A cruciate ligament injury forced Tochinoshin to miss three straight tournaments and dropped him down into the unpaid ranks.
He gave serious thought to retiring at that time but decided to stick it out and is now reaping the rewards.
And those rewards are plenty.
First and foremost Tochinoshin’s salary will increase by roughly 30 percent. After promotion he will have a base monthly income of about ¥2.4 million.
An enlarged supporter base and greater public profile also means the new ozeki can expect a serious bump in the amount of sponsorship money and gifts he gets.
That process has already started with Coca-Cola Japan giving Tochinoshin 900 cans of his favorite Georgia brand coffee and discussing the creation of an advertising campaign featuring the Georgian.
Tochinoshin will also no longer have to enter Ryogoku Kokugikan on foot. Ozeki and yokozuna are allotted space in the parking lot beneath the arena and get to come and go by car.
While promotion to ozeki is difficult to achieve, once there a wrestler has a level of job security found nowhere else in the sport. Holding the rank requires just a winning record every second tournament. So in theory, a wrestler could alternate between 0-15 and 8-7 records and never be demoted. Without the pressure to be in contention for the title every tournament or face calls to retire like yokozuna, becoming an ozeki often actually ends up extending a wrestler’s career.
Historically, ozeki was sumo’s highest rank and it still has a status far greater than those below it. Indeed along with yokozuna, they are usually just addressed by their title rather than their fighting name followed by “zeki.”
There is, however, a certain kind of pressure that comes with the promotion.
“Ozeki and yokozuna are actually kinda treated the same” explained former champion Konishiki when I talked to him in 2017 on the 30th anniversary of his ascension to the rank. “It becomes a responsibility just like a yokozuna to be at (your) best behavior anything you do because you are representing not just your sumo beya any more — it’s about you are an ozeki of the (Japan) Sumo Association, so it’s a lot of pressure.”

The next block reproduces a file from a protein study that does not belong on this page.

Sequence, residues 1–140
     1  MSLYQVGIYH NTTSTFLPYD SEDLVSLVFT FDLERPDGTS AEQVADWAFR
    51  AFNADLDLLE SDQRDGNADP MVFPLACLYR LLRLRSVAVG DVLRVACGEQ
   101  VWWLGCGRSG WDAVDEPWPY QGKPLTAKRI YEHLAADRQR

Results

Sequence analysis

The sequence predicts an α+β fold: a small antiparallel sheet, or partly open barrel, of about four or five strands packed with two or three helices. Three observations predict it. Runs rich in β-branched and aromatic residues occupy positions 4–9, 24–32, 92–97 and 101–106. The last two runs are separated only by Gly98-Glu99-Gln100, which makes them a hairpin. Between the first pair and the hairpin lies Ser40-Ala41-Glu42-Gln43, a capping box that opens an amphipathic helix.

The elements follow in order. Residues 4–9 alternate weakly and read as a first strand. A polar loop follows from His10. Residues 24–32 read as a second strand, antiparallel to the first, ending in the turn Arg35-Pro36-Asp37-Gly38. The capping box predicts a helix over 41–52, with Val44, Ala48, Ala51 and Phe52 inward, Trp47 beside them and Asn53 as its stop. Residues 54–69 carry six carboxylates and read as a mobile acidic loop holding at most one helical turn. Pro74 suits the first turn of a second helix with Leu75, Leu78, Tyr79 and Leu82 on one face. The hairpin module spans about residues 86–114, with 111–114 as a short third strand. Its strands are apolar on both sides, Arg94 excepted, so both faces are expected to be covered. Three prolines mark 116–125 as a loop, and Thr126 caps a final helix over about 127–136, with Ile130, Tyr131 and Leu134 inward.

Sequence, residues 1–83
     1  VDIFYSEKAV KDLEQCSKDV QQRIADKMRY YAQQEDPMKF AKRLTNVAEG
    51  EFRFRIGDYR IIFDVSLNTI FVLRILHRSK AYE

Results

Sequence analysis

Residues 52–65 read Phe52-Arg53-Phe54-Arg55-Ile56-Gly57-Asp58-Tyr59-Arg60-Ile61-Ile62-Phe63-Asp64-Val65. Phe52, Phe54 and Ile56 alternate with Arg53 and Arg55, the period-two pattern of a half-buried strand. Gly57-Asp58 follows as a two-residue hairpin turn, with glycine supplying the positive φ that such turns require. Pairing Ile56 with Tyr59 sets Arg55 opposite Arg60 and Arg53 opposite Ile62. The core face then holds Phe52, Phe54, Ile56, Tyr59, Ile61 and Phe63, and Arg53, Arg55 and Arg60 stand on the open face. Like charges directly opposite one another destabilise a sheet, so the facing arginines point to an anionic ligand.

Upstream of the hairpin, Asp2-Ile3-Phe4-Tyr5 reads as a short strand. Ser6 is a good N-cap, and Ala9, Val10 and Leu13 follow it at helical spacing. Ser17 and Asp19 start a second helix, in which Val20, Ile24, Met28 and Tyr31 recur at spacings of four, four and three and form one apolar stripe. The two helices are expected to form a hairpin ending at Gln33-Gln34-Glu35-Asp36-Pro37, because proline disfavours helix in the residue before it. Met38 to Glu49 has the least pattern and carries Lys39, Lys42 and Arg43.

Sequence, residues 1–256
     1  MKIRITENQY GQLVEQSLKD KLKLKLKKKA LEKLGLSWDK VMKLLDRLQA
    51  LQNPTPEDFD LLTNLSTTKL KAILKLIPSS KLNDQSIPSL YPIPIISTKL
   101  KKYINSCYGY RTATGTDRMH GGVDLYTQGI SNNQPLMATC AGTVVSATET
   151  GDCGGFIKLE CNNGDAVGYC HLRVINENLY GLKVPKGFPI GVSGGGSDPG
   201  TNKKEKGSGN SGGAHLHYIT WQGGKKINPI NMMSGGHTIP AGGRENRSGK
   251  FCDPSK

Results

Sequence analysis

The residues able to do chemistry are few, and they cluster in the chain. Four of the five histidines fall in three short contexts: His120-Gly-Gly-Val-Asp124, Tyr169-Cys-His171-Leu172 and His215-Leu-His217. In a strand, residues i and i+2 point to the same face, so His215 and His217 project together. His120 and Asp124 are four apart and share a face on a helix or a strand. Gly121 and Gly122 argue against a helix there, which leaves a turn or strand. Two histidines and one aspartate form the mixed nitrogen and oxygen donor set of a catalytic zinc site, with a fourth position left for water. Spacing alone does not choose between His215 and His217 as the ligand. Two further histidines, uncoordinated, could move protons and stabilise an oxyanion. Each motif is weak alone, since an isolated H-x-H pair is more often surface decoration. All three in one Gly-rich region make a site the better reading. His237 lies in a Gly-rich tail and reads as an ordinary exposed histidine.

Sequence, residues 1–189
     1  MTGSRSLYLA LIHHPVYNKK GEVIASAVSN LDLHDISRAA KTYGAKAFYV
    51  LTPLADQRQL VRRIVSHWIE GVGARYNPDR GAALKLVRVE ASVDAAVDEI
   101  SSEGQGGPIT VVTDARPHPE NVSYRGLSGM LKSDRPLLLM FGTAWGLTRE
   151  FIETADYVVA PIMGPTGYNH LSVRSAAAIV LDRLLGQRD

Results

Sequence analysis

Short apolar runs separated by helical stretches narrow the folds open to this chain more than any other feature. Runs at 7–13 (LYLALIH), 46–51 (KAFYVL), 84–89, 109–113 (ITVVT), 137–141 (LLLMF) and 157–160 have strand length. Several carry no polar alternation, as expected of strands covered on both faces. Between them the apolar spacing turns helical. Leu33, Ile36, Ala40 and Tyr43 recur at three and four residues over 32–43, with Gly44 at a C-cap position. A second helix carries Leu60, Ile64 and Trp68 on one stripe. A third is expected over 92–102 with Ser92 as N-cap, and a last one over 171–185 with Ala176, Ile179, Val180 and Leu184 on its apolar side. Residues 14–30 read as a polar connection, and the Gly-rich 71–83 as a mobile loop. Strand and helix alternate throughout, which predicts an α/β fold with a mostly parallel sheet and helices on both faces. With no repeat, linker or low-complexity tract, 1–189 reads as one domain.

Being so close to the top of the mountain also brings a constant stream of questions about when a man will make the push for yokozuna promotion.
For those like himself who never took that final step, Konishiki sees parallels in other sports.
“It’s the same thing a lot of athletes deal with. You made it to a Super Bowl but never won (it),” Konishiki said. “We could go through a lot of big names in the NFL and MLB that got there to the final show and never really got it.”
Tochinoshin at 30 becomes one of the older ozeki promotees in modern sumo history, but given that he seems to be coming into his own and with the two yokozuna several years older, there is every possibility that he might avoid that fate and go one step further to become the first Caucasian yokozuna in the history of the sport.
For now, though, he can relax in the knowledge he has made it into elite company and enjoy a well-earned rest and time with his baby daughter who he will see for the first time when he returns to Georgia after the promotion activities are complete.